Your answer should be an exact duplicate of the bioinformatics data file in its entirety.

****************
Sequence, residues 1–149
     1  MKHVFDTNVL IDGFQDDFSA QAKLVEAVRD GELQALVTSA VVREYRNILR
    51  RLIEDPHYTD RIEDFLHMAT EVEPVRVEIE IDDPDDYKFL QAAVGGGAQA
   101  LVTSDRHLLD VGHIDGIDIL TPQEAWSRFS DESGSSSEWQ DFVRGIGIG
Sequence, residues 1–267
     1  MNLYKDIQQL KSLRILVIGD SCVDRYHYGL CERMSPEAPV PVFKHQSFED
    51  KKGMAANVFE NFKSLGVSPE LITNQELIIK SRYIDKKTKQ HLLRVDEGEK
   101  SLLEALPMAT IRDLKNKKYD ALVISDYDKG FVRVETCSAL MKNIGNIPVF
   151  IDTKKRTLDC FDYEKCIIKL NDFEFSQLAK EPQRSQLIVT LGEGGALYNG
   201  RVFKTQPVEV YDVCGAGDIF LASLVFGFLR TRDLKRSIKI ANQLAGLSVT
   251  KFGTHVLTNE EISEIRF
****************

Sequence, residues 1–149
     1  MKHVFDTNVL IDGFQDDFSA QAKLVEAVRD GELQALVTSA VVREYRNILR
    51  RLIEDPHYTD RIEDFLHMAT EVEPVRVEIE IDDPDDYKFL QAAVGGGAQA
   101  LVTSDRHLLD VGHIDGIDIL TPQEAWSRFS DESGSSSEWQ DFVRGIGIG
Sequence, residues 1–267
     1  MNLYKDIQQL KSLRILVIGD SCVDRYHYGL CERMSPEAPV PVFKHQSFED
    51  KKGMAANVFE NFKSLGVSPE LITNQELIIK SRYIDKKTKQ HLLRVDEGEK
   101  SLLEALPMAT IRDLKNKKYD ALVISDYDKG FVRVETCSAL MKNIGNIPVF
   151  IDTKKRTLDC FDYEKCIIKL NDFEFSQLAK EPQRSQLIVT LGEGGALYNG
   201  RVFKTQPVEV YDVCGAGDIF LASLVFGFLR TRDLKRSIKI ANQLAGLSVT
   251  KFGTHVLTNE EISEIRF